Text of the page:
TRAVERSE CITY, Mich. — A community concert planned as part of a Veterans Day celebration caused deep divisions when an Islamic prayer that was scheduled to be sung by a joint choir was deleted at the last moment.
Pastor David Walls and others at First Congregational Church wanted nothing to do with the Islamic Call to Prayers portion of the performance. They said they did not want to offend their congregation and military veterans they planned to honor, church leaders said.
The 180-member choir was told the day before the concert about the change, although they'd been forewarned about a difference of opinion. No one took the jolt harder than Alya Nadji, 16, a Muslim and member of the Traverse City West High School Chorale.
Alya tried to keep singing during the rehearsal, but couldn't compose herself. She ran to the bathroom sobbing. "I felt like I wasn't being treated equal ... I felt that I was unwelcome and that I didn't belong any place near there," said Alya, a junior.
The performance of "The Armed Man: A Mass for Peace" is sung atop a video that depicts graphic war scenes and ends with different faiths drawn together in peace. Church leaders made the decision to censor the prayer three weeks ago.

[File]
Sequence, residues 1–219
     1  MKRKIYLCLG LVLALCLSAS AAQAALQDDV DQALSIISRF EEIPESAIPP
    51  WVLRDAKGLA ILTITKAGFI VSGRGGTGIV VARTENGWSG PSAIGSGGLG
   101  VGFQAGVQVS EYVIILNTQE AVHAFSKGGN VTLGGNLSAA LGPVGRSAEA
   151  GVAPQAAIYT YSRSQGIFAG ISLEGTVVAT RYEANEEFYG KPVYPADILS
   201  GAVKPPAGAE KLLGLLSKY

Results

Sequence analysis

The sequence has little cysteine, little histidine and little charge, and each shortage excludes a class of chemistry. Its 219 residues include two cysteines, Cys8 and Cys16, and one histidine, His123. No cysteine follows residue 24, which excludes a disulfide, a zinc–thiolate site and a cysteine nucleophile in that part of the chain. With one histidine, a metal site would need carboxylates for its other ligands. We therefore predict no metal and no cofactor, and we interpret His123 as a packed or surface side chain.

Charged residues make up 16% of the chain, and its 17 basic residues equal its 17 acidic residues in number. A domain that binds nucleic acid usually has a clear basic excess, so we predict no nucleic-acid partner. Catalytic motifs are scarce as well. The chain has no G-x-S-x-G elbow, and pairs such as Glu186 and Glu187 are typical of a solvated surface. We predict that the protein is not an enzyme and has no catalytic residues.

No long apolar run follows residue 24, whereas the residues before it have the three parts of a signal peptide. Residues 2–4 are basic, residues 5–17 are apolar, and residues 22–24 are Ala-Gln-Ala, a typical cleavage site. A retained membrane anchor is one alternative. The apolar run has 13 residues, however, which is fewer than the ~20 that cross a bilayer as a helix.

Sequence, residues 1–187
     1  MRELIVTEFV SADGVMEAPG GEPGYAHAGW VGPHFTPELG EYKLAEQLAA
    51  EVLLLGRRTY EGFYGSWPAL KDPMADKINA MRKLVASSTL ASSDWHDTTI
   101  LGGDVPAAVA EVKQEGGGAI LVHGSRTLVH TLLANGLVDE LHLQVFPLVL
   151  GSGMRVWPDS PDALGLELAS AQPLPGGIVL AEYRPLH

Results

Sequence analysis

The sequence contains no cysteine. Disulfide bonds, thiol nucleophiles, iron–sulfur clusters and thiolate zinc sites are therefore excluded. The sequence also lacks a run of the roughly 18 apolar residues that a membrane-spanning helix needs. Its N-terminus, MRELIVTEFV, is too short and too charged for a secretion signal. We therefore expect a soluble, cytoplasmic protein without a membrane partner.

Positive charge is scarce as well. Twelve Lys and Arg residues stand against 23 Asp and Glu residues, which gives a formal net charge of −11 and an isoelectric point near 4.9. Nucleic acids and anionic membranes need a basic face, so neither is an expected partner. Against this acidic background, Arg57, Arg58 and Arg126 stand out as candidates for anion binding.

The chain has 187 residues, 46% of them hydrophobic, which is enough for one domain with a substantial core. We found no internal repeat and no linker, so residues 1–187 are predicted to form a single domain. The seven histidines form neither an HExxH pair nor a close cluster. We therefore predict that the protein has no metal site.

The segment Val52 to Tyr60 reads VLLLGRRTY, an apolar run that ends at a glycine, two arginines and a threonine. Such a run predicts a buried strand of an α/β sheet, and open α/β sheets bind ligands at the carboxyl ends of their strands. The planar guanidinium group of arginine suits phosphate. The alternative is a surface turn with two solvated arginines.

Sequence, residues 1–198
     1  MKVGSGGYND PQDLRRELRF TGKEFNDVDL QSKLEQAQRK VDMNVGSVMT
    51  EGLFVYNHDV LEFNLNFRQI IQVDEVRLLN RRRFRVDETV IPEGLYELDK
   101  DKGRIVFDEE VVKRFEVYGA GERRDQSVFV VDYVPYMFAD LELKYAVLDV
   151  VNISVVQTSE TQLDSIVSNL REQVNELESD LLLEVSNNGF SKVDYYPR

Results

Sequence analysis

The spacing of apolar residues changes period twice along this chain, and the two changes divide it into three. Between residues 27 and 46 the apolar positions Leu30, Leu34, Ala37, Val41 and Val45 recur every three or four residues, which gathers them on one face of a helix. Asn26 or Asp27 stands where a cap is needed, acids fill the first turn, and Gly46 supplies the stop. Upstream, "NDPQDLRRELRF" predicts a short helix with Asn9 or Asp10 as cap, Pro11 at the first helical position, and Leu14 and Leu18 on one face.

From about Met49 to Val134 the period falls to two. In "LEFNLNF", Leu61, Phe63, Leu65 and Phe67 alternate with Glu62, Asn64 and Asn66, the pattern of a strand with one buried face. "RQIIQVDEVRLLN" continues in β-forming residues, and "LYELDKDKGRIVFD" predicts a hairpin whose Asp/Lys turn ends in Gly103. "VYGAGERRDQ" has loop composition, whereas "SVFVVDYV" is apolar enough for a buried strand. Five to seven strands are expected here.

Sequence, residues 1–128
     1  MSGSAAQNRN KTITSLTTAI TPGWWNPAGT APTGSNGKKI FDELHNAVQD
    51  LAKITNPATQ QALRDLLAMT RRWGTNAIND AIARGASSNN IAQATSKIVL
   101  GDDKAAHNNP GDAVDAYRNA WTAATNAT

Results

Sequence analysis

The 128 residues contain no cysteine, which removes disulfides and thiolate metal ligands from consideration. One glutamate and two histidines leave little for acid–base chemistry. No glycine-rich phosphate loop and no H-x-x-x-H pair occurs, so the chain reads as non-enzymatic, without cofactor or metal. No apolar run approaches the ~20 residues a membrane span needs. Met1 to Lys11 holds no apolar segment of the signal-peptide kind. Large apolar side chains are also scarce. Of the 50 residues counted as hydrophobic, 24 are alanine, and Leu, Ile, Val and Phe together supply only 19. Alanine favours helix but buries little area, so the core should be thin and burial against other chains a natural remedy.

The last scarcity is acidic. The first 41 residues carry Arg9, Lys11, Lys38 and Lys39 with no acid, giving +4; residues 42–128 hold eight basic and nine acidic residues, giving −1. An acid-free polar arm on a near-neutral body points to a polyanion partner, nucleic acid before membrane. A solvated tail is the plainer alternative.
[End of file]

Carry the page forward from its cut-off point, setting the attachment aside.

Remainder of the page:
Choral director Jeffrey Cobb was aware of the church’s position, but hoped to avoid a controversy and believed a compromise would be worked out. But the church stood firm.
The church's decision to ban the prayer sparked protests by choir and community members. Northwestern Michigan College officials said the college would withdraw as an official supporter of the event.
Doug Bishop, vice president of the church council, agreed with Walls and does not consider the decision a form of intolerance.
"From a Christian viewpoint, a Christian's acceptance of other people's rights have nothing to do with requiring their views to be espoused from your pulpit," he said.
Kamran Memon, president of the Chicago-based Muslims for Safe America, countered that many Muslim Americans are veterans, too. An estimated 20,000 Muslim Americans serve in the U.S. military, he said.
"American soldiers have fought and died side-by-side with Afghan and Iraqi troops fighting against a common enemy," he said.
He said the matter could have been handled better.
Details for this story were provided by The Record-Eagle in North Andover, Mass.